Second, even if the "Rape Shield Law" did not apply to Mahoney's trial, the trial court's exclusion of evidence may be sustained as an exercise of its inherent discretionary power. See Lagenour v. State (1978), Ind., 376 N.E.2d 475. The only question which Mahoney attempted to ask C. regarding her past sexual activity regarded whether she was a virgin. The trial court sustained an objection to the question.

In Indiana the morality of the victim in a prosecution for incest is not at issue. Merry v. State, supra, 335 N.E.2d 249. Evidence of the lack of virtue of the prosecuting witness is not a defense to the crime, nor even a mitigating factor. Merry v. State, supra. General moral character may only be considered in evaluating the credibility of the victim. However, Mahoney has failed to argue or show that a line of questioning regarding C.'s chastity (and *596 bearing on her credibility) could have been followed in the absence of the State's motion in limine. Lagenour v. State, supra. The trial court properly sustained an objection to the question regarding C.'s virginity.

VII. Sufficiency of the Evidence

Mahoney argues that the verdict was not supported by sufficient evidence.

This Court may sustain a conviction for incest based upon the uncorroborated testimony of the prosecuting witness, which is sufficient to convince the jury beyond a reasonable doubt of defendant's guilt. Fortner v. State (1973), 158 Ind. App. 17, 301 N.E.2d 522; Woods v. State, supra, 250 Ind. 132, 235 N.E.2d 479.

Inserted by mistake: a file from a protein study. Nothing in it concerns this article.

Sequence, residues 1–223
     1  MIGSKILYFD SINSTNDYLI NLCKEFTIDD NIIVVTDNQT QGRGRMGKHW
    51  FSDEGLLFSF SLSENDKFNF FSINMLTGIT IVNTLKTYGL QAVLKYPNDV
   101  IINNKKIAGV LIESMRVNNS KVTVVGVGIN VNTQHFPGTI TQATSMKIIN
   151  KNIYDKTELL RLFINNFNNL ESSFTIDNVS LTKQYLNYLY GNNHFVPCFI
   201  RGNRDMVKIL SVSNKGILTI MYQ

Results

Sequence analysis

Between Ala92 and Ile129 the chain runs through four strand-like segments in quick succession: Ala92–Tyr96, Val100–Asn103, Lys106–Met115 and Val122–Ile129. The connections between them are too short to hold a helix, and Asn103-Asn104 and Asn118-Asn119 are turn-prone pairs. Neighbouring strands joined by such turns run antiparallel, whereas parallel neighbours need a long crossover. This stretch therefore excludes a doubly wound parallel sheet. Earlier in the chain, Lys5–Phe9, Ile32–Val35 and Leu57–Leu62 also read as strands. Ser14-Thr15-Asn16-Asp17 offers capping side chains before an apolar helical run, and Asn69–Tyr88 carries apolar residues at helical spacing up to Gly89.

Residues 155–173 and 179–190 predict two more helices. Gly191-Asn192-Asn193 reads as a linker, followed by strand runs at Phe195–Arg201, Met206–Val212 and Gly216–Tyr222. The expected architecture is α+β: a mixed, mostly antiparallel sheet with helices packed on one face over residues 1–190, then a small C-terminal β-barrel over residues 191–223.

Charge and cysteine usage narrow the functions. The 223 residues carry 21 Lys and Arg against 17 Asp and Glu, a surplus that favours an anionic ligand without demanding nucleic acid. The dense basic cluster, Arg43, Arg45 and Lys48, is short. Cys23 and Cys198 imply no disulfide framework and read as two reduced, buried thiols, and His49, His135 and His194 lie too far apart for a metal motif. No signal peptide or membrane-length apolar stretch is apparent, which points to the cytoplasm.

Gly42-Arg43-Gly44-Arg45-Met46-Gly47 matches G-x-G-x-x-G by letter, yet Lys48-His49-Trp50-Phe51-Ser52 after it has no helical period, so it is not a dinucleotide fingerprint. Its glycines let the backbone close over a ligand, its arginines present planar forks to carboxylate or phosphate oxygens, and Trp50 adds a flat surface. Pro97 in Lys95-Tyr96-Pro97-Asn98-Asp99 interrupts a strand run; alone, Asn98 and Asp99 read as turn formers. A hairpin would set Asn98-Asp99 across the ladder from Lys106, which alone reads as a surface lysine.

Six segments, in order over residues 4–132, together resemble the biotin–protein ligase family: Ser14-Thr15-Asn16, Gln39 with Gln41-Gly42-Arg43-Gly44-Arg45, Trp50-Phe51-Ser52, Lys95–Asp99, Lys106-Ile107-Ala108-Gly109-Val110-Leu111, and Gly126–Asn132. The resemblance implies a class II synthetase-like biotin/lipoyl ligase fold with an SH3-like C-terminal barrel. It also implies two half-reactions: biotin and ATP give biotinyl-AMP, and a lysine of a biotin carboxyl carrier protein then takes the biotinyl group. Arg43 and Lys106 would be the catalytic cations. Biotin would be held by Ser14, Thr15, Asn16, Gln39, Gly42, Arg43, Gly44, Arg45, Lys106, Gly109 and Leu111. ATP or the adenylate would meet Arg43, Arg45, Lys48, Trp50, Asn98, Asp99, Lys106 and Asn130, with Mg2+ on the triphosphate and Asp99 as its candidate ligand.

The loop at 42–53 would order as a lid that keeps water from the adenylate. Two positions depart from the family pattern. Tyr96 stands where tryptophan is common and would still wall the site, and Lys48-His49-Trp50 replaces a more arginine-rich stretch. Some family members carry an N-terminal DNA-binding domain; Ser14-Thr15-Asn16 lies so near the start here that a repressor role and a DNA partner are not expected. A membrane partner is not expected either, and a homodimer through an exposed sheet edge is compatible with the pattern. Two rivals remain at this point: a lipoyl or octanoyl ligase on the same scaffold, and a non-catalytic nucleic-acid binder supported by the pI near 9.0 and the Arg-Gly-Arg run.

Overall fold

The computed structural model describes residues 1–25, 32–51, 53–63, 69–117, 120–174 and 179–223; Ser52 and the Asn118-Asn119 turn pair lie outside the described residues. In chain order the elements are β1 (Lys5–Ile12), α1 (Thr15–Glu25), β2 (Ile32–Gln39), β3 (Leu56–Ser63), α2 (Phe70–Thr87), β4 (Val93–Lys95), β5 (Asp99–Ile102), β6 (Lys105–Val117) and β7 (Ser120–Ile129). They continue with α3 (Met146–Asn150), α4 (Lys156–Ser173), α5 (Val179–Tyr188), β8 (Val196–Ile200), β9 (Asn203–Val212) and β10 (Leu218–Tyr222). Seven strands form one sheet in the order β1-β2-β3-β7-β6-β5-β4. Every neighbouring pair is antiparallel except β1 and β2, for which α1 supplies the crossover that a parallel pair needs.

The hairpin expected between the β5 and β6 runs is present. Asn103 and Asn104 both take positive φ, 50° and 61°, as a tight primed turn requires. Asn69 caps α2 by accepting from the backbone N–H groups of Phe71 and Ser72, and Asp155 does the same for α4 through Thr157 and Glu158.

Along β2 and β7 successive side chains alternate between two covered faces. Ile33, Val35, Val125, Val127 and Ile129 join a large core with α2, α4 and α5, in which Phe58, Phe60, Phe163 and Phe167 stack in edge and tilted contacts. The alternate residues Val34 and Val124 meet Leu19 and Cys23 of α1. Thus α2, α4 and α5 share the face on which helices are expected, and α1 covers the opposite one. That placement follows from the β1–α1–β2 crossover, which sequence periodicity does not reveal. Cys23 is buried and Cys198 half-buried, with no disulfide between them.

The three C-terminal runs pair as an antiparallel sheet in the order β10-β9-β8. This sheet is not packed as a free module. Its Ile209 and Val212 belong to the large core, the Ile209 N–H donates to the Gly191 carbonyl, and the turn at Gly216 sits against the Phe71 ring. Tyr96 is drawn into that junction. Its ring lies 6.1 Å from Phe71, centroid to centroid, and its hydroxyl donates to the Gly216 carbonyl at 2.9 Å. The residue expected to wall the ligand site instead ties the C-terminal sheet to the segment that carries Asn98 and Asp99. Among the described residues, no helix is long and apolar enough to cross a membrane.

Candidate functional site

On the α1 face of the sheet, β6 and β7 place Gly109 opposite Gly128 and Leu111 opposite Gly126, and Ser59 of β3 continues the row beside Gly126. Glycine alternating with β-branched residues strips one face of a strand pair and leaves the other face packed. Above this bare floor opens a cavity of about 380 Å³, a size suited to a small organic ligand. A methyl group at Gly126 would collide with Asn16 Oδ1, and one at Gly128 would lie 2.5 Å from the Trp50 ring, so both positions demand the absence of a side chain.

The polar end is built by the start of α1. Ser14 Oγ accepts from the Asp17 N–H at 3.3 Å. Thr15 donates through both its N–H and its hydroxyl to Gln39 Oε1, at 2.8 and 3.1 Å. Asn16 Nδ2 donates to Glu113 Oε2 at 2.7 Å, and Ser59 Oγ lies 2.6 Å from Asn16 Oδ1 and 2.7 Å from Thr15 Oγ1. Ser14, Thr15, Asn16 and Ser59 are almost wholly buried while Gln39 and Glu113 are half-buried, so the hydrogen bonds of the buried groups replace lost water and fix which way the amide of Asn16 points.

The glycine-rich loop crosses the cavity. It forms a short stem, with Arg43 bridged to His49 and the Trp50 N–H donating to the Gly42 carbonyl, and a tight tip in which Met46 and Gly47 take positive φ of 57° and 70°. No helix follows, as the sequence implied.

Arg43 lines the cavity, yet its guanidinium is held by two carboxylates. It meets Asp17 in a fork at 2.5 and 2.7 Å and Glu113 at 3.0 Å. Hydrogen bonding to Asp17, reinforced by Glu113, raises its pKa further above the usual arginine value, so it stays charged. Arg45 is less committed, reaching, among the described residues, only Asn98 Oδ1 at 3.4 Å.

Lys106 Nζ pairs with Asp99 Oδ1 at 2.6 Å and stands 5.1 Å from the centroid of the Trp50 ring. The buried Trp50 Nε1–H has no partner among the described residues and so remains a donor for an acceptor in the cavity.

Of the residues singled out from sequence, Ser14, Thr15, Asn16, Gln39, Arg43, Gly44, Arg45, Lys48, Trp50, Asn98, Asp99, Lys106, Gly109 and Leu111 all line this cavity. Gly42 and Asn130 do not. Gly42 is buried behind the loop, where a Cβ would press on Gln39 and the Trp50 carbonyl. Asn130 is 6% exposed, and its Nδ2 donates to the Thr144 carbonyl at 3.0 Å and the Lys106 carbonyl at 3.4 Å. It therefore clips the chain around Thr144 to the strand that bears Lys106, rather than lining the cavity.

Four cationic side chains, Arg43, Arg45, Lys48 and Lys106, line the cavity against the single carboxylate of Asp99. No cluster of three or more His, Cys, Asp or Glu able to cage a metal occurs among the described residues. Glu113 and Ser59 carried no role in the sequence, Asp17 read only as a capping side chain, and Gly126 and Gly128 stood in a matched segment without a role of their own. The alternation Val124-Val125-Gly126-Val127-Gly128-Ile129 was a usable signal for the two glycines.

C. testified that on several occasions when she was thirteen, including the date contained in the charging information, she went to her family's garage to help her stepfather, Mahoney, sort tapes. On several of such occasions, he pushed her down on the couch, removed her underpants and his own pants, and inserted his penis into her vagina.

C.'s testimony was sufficient to establish the elements of the offense of incest. The jury apparently chose not to believe Mahoney's various defenses to the crime.

VIII. Motion for Judgment on the Evidence

Mahoney made a motion for judgment on the evidence under TR. 50, both at the close of the State's evidence and at the close of all the evidence. We have found that the State presented sufficient evidence on each element of the crime of incest. Merry v. State, supra.

IX. Conclusion

We have found no error in the conduct of Mahoney's trial on the charge of incest. The judgment is affirmed.

GARRARD, P.J., concurs.

HOFFMAN, J., concurs in result with opinion.

HOFFMAN, Judge, concurring in result.

I concur in result because I do not agree that the Rape Shield Law is applicable. In this case, however, I do agree that the trial court properly excluded the evidence and properly ruled on the questions that were asked at the trial.


[1] IC 1971, XX-X-XX-X, Ind. Ann. Stat. § 10-4206 (Burns Code Ed.), repealed October 1, 1977.